OSHA identifies healthcare as one of three “high risk” industries for violence. The violence is perpetrated not only by patients, their families, and visitors, but as well among the health professionals themselves. It may include a patient admitted to the ER high on drugs and wielding a knife. Or, it may be an enraged physician in the operating room flinging a scalpel at a nurse. And, the violence may be one nurse bullying another nurse – depending how the word “violence” is actually defined.

Violence in healthcare is not unique to the United States. In 2016, the 4th International Conference on Violence in Healthcare was held in Ireland. In the U.S. some states, such as California, have passed legislation specifically addressing violence in healthcare. In 2010, the Bureau of Labor Statistics (BLS) data reported healthcare and social assistance workers were the victims of approximately 11,370 assaults by persons; a greater than 13% increase over the number of such assaults reported in 2009. Almost 19% (i.e., 2,130) of these assaults occurred in nursing and residential care facilities alone. Unfortunately, many more incidents probably go unreported.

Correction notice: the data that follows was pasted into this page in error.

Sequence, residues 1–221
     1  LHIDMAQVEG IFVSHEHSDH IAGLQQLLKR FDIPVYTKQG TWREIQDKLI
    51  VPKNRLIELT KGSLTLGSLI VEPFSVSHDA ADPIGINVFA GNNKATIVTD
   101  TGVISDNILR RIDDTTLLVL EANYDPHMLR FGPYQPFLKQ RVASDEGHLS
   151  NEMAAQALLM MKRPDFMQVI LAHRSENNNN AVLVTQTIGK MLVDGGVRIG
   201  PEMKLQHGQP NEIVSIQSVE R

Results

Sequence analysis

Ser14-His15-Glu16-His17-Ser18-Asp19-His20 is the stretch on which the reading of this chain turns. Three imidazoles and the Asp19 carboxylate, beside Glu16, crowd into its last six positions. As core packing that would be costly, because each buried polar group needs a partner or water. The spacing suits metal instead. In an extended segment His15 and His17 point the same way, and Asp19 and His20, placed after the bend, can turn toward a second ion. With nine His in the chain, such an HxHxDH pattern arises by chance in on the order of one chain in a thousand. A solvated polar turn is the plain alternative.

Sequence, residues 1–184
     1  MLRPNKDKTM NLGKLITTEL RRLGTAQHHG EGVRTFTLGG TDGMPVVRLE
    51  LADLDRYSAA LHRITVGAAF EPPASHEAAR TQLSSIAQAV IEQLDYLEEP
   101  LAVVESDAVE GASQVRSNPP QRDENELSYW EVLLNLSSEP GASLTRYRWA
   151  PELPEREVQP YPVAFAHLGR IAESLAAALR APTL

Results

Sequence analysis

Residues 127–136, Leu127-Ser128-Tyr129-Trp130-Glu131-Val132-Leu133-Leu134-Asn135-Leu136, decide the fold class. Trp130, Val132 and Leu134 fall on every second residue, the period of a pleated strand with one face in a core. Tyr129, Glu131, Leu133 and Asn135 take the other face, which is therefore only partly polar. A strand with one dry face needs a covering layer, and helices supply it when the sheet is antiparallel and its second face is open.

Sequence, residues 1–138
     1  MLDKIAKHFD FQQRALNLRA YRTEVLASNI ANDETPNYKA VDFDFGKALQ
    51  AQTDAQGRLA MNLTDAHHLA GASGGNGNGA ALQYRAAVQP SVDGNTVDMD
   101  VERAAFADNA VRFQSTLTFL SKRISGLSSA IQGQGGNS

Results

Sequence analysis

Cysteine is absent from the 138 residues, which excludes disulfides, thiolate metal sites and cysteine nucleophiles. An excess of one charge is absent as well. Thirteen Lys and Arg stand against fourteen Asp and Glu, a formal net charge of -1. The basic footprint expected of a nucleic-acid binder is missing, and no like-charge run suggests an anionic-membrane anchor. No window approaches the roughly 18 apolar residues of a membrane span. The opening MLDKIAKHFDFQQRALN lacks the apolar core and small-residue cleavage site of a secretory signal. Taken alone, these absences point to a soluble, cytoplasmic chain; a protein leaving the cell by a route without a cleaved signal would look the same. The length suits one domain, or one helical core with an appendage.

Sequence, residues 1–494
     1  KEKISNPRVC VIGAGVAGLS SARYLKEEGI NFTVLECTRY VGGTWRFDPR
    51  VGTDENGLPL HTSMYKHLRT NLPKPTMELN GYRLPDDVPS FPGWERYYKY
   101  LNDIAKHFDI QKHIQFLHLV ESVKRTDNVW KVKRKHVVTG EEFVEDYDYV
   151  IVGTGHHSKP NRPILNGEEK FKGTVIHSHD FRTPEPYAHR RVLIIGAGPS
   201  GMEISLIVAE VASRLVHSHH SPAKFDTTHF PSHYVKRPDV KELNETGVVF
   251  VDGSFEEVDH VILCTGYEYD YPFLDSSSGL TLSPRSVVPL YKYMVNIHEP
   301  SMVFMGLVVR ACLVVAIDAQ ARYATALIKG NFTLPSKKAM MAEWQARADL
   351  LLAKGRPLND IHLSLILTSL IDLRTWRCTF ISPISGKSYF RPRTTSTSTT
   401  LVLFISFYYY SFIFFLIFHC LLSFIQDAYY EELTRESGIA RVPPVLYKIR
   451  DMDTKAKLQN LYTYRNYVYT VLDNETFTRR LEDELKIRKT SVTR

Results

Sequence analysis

Learning Objectives:
To define workplace violence
To provide examples of workplace violence in healthcare
To discuss the relevant laws that address workplace violence
To state the impact and consequences of violence to the healthcare victims, the organization and patient care
To examine the clinical, occupational, social, and economic factors of violence in healthcare
To review 10 de-escalation tips when dealing with an angry individual
To examine the causes of healthcare violence
To discuss OSHA's guidelines for the prevention and intervention of violence in healthcare